College Teaching and Helplessness in the Face of General Badness

In my memoir course, my students’ first exercise is to write down a small story that they often tell people about their lives.  I like reading these little paragraphs – they are often about getting lost in foreign airports, mislaying precious items and realizing that material things don’t matter, buying liquor while under age.  But there are always one or two students who tell me things I don’t want to know.

This term it was Michael.  Michael (not his real name, of course) wrote a story about being punished when he was around six.  It’s difficult to follow the timeline, but it seems that his parents left him alone while they went on vacation, and came home to find the house a mess, so they beat him and sent him to his room.  The description of the beating is perfunctory, but that of his feelings is quite elaborate: the fear that they would find out, the terror during the beating, the remorse as he recovered, and so forth.

I think it’s possible some facts of the story are less than accurate (his parents left him home alone for the weekend when he was six years old?)  Nevertheless, there is clearly something unfortunate going on here.  I wrote a note at the bottom of his assignment saying that the story made me sad and asking him to come talk to me about it.  Instead, when he rewrote his story he added a paragraph at the end that went something like this.

Yes it is a pretty sad story but I know people who have had been threaten even worse. I find that it was tough but I know a very important star who had problems like that in his childhood and in his career they had a pretty tough time even and a lot worse than me. I think it’s the shock my parents had that made them do that but I understand my parents because if your them and you don’t know that there are mess everywhere when you enter your house you can take it pretty bad so at the same time yes and no it is and it is not a sad story

Here is my reply.

Michael: of course, it is your feelings about the incident that are most important.  Are you aware that we have counsellors here at the college whom you can talk to if you are ever feeling bad about things that happened in the past or are happening now?  Let me know if you would like more information.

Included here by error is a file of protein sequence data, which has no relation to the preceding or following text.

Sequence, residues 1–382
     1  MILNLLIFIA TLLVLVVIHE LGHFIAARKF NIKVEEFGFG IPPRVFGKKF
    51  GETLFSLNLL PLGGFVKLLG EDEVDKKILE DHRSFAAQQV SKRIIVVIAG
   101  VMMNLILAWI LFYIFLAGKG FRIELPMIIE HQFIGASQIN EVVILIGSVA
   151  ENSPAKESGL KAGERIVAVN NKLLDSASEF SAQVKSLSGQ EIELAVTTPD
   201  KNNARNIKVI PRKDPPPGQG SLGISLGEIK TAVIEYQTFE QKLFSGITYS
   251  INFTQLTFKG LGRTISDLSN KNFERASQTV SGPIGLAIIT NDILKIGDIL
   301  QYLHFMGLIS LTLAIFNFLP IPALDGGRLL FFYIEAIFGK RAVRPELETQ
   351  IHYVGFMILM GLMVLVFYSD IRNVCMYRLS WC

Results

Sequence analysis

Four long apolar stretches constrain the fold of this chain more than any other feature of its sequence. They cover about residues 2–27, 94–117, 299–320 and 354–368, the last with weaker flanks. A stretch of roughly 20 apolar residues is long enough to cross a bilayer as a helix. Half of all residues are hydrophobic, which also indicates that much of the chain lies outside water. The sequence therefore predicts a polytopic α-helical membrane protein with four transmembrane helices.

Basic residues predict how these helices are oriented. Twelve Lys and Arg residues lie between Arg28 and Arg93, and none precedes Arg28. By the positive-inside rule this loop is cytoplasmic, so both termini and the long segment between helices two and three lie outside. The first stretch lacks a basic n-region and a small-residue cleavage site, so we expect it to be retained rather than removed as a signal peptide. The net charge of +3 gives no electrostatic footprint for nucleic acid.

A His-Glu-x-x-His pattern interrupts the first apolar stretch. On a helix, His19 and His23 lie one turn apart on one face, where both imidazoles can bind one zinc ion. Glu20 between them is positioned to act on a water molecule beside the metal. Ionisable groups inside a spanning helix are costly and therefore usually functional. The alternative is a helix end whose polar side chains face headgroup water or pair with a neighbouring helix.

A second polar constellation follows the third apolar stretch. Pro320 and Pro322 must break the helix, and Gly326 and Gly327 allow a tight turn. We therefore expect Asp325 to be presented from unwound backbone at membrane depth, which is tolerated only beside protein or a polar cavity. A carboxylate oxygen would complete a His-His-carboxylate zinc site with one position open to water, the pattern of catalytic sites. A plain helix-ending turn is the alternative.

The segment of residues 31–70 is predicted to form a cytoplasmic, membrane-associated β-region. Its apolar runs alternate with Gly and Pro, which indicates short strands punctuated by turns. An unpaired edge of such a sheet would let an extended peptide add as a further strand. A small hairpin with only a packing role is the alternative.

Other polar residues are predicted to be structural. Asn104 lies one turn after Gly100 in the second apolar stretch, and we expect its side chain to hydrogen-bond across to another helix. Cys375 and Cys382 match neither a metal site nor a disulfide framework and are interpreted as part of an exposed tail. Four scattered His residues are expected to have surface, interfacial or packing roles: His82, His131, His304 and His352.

Like many of my students, Michael is over 18.  I am therefore not under any legal obligation in a situation like this (according to counsellors I’ve spoken to in the past about similar stories students have written.)  I have no intention of chasing him down and making him talk to me about anything he doesn’t want to.  That said, I wonder if there’s something more I should be thinking about doing for him.

Every year, I consider avoiding personal writing assignments.  Every term I ask myself: do I need these close reminders of the general badness going on out there in the world, in my students’ lives?  But I know I will never eliminate them – the assignments, because I won’t, or the badness, because I can’t – so I need a clear strategy for dealing with the stories that rear their heads.

What do you think teachers, especially teachers of older students, should do when faced with stories of suffering, abuse, or trauma?  Have you faced this issue yourself?  If so, what do you do?

Image by Brenda Otero


21 responses

  1. Since I teach high school in the states, I am a mandated reporter. I am required by law to contact DCFS or other authorities if I believe a child is or has been in danger. In addition, my school has an agreement with a local counseling center that allows me to recommend a student for counseling if I feel it’s necessary.

    For college teachers (or in your situation), I think it’s different. All you can really do it make yourself available, help the student understand you care, and realize that the ball is no longer in your court. My husband is forever telling me I can’t make decisions for my students–and I think that applies in this situation as well.

    • I couldn’t have said it better myself. At the HS level, we don’t have the option, we HAVE to report these things or we could loose our jobs, but when you are dealing with young adults, all you can really do is make sure they understand that you will help them if they want you to.

  2. I think continuing to ask for personal stories might be very hard for you, but is a blessing for your students. Obviously these difficult stories have been pent up for a long time and these college kids are lucky enough to finally have an outlet. “Michael” has been carrying that story around since he was 6. Maybe you were the first person he told about that story. Maybe he just needed a confidant. I also think offering to discuss the story more, and to give information about the counseling department is the most appropriate and professional way to handle the situation. Writing (as we all know) is so therapeutic, so in many ways your assignment might be helping students more than you think.

  3. I think it’s the best way to connect with the students and it makes them think about themselves in a different way, even if just for a moment. I think teachers should do what you did. Of course, it’s always dependent on the age.

  4. What most people really need is to be heard. Michael wasn’t ready for the implication that his parents might have been wrong and he deserved some compassion for what happened, but he also may have needed to hear it anyway. (Yes, parents that beat their 6-year-old for leaving the house a mess may also be inclined to leave him alone for a weekend.) Thus the defensiveness.

    I think it’s important to hear these stories, because it reminds us of who our students are as whole people.